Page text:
Tamarind date cake is a gorgeous relation of sticky toffee pudding, also made with dates but flavoured with the beautiful tang of tamarind paste.
What is tamarind?
Tamarind is a fruit that comes from the tamarind tree. It has a sweet and sour taste and is used in many cuisines around the world.
Tamarind is also used in traditional medicine and as a metal polish. The tree’s wood can be used for woodworking and tamarind seed oil can be extracted from the seeds.
What are some recipes that use tamarind?
Tamarind is a fruit that is commonly used in Asian cooking and baking. It has a sour taste that can be used to add flavour to any kind of dish such as soup, salad, curry, stir fries, dip, barbecue sauce and more.
In Thai cuisine, tamarind is one of the two main sour ingredients, the other being lime.
Besides adding flavour, tamarind delivers another bonus when it's used in a marinade. The fruit’s natural acidity helps to tenderize tougher cuts of beef, breaking down the fibres in the meat. Marinated overnight in a tamarind-tinged liquid, beef becomes succulent and tender - a great technique for less expensive cuts.
Tamarind can also be used as a preservative, a cooling agent and a remedy. Its paste relieves the itchy mouthfeel that comes from eating tubers like yam and taro.
Tamarind is available in pods, blocks, or as a concentrate in the UK. Tamarind juice is also available and some Asian supermarkets may sell tamarind pods which can be eaten raw.
Tamarind cake – or pudding?
Tamarind can also be used in cakes, often combined with dates which it tastes a little like, and/or ginger, for a tangy sweet-sour profile.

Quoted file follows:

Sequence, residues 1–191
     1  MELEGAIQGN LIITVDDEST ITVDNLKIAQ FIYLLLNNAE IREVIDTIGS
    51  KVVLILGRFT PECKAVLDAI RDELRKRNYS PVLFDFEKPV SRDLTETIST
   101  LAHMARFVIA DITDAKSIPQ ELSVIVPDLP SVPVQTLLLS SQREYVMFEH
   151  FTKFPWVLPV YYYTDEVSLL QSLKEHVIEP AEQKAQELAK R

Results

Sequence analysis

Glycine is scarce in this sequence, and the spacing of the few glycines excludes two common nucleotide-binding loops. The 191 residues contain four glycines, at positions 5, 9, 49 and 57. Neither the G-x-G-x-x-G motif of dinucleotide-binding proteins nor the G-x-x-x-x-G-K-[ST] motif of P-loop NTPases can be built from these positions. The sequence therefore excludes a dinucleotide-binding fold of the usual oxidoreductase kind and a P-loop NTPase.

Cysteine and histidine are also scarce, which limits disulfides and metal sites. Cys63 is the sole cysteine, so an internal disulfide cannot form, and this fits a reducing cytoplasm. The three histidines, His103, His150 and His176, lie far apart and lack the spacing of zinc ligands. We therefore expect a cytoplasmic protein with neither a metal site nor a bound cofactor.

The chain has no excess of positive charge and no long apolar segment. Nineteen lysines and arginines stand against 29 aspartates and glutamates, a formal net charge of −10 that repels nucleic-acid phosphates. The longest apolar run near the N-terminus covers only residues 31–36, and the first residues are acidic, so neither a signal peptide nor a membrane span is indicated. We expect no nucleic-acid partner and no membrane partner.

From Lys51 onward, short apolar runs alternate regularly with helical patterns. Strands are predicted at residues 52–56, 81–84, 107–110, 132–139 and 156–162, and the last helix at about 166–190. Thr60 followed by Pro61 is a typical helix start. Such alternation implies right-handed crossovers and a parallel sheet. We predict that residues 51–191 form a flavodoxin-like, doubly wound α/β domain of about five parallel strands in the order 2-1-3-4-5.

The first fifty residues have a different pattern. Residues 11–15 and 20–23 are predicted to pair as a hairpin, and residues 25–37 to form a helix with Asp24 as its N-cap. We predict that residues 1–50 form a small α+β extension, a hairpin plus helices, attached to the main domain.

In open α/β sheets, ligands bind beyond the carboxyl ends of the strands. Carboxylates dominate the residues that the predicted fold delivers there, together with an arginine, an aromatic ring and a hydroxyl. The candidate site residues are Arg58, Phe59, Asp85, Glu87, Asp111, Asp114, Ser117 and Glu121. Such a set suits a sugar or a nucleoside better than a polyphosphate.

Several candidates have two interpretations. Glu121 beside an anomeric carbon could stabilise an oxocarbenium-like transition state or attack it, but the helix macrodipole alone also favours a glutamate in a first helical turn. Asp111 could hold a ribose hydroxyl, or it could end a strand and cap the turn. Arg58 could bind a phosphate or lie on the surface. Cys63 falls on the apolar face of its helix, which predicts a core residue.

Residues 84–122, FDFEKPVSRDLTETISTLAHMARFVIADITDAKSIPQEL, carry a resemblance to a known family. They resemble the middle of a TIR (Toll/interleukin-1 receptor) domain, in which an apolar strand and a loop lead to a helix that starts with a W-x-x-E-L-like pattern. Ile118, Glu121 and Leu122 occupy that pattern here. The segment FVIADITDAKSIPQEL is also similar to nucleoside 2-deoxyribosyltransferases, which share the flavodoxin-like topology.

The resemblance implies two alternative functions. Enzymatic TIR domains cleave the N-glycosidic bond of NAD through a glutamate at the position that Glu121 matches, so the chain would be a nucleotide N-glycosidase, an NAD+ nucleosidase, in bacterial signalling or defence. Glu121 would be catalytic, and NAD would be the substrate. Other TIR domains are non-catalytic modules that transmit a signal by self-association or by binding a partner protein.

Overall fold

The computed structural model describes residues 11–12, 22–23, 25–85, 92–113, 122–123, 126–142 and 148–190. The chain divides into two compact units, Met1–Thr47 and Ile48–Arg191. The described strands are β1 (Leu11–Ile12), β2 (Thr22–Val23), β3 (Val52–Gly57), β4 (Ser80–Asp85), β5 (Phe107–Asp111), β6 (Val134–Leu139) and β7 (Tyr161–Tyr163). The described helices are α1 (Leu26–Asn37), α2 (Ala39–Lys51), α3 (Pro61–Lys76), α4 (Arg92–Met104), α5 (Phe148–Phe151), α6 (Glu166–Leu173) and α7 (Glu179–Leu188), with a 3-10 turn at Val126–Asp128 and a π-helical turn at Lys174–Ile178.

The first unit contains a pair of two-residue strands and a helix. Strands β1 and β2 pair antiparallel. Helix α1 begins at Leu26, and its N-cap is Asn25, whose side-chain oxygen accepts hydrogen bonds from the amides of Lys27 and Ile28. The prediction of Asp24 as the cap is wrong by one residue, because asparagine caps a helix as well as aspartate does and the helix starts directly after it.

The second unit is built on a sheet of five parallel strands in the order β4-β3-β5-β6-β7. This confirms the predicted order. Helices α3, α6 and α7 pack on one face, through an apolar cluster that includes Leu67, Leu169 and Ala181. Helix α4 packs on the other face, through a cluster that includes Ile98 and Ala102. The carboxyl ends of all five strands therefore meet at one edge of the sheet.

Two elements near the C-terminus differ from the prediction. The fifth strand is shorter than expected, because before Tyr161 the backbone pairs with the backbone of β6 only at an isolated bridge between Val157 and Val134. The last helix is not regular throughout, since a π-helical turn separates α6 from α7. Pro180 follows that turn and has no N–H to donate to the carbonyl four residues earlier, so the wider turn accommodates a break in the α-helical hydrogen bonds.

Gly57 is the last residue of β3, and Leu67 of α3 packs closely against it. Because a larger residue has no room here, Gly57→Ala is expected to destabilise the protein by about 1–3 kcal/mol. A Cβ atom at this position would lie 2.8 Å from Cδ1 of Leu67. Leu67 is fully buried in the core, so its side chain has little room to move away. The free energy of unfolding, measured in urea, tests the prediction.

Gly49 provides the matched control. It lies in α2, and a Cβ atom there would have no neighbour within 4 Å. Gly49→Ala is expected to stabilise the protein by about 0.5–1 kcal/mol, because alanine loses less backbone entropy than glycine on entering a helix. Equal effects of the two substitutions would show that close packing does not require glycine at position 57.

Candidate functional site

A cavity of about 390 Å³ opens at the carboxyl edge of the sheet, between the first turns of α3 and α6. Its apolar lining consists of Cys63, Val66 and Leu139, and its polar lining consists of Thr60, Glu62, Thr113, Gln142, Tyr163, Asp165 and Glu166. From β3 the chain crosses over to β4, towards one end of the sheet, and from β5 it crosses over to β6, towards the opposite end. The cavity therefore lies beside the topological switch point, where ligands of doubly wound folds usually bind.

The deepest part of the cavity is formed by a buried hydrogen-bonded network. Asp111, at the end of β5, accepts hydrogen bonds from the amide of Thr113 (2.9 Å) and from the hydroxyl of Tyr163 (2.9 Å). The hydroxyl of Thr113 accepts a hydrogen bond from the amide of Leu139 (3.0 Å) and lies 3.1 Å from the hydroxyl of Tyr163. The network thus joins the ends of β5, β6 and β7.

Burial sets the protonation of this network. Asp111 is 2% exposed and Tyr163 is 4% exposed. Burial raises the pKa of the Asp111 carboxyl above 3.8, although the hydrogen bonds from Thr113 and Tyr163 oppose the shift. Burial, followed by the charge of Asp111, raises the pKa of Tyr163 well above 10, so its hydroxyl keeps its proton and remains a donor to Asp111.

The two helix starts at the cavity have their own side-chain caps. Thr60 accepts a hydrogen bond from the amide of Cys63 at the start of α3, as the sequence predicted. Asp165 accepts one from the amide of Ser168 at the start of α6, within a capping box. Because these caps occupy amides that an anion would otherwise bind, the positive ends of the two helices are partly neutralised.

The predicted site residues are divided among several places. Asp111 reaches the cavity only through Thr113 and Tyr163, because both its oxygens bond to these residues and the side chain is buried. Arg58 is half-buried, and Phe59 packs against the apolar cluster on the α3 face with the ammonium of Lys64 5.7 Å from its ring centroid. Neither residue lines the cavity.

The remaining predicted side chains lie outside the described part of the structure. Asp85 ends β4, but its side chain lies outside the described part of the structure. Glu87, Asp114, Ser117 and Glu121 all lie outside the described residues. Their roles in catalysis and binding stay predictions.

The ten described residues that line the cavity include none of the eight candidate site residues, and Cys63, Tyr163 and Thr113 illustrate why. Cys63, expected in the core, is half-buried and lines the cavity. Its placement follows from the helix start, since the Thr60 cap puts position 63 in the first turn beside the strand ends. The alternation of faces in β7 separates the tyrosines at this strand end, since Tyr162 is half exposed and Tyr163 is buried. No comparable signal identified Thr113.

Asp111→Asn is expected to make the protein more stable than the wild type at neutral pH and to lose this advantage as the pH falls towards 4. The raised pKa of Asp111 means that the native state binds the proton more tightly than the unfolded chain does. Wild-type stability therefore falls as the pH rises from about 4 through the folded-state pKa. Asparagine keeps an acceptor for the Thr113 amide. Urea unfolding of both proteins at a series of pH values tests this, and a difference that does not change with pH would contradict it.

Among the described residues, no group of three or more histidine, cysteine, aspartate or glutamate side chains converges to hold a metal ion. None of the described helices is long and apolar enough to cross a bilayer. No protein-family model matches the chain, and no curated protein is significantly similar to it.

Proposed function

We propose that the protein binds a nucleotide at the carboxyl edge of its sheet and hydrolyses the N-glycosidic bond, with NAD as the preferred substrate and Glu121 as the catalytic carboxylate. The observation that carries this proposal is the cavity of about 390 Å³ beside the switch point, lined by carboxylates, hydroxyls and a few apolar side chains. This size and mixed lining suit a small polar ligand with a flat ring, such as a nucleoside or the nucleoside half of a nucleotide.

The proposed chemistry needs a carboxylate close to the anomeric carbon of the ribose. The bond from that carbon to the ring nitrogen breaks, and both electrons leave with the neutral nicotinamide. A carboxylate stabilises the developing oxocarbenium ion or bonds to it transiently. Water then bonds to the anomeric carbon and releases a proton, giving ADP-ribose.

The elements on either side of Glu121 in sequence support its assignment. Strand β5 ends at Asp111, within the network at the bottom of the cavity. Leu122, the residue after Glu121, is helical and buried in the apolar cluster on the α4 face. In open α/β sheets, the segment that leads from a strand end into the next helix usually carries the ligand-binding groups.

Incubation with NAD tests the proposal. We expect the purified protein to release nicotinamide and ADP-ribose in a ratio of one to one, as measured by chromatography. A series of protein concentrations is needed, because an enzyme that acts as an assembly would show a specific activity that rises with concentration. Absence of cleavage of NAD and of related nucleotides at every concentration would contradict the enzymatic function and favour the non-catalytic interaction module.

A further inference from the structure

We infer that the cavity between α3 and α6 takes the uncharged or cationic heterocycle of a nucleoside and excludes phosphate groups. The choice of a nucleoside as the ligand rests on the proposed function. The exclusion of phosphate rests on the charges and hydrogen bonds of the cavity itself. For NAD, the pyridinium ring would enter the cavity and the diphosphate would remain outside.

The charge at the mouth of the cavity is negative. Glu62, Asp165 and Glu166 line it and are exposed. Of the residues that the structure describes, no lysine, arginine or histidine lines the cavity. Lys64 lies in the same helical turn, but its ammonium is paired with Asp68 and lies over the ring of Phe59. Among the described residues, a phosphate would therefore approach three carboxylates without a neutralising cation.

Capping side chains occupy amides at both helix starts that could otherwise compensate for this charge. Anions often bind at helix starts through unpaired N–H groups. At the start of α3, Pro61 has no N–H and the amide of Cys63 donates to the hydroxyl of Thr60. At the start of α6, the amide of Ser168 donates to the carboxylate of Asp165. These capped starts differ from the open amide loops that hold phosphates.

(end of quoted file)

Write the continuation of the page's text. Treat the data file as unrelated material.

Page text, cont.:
This recipe for tamarind date cake is courtesy of Dan Lepard, from his Guardian column. And whenever you see a recipe for a date cake, you immediately think ‘sticky toffee pudding’, right?
Sticky toffee pudding is one of those English dessert mysteries because really, it’s just a date cake. Admittedly it’s sticky when covered in a caramel sauce, but I wonder if it is a pudding. Unless you accept, after the British fashion, that desserts ARE puddings, which will puzzle all the non-Brits.
The pudding debate won’t mean anything to anyone in North America or any of you on the European continent, let alone other parts of the world. You bake a cake. You can serve it cold or warm. And to end the discussion, I’ll declare my sticky toffee pudding nothing but a date cake.
And this is also just a date cake. Only better.
How to make tamarind date cake
The process is very similar to how you make sticky toffee pudding, aka date cake as agreed above. Chopped dates are simmered with tamarind paste, then butter is added to the warm mix, then sugar and the mixture is left to melt while it cools down.
The next stage can be done by hand, with a balloon whisk, or with an electric mixer if you prefer. The eggs are beaten into the cooled date mix one by one, and finally flour with bicarbonate of soda.
A very runny batter goes into a parchment-lined tin and bakes for a long while: over an hour.
Toppings for tamarind date cake
A simple icing flavoured with cardamom is what I suggest but you can go in the direction of sticky toffee and make a caramel sauce. In which case it should be served warm from the oven or heated up in a microwave, making it thus a pudding!
You can also top it with unsweetened dark chocolate ganache.
But it’s really good just left unvarnished. Cool it down, dust with icing sugar and cut into wedges the next day without heating or worrying that it has to be steaming.
More date cake recipes
Date and nut squares, with chunks of Medjool dates and a mix of almonds, pecans and pistachio in rich, chewy batter. There’s a reason why these are called ‘food for gods’.
Honey cake with dates and apples from Nigella Lawson’s collection is not only suitable for Rosh Hashanah: it’s simply the perfect autumnal cake.
Easy recipe for baked Christmas pudding. Traditional Christmas pudding should be steamed, but this version is baked and lighter, using carrots and apple in the mix.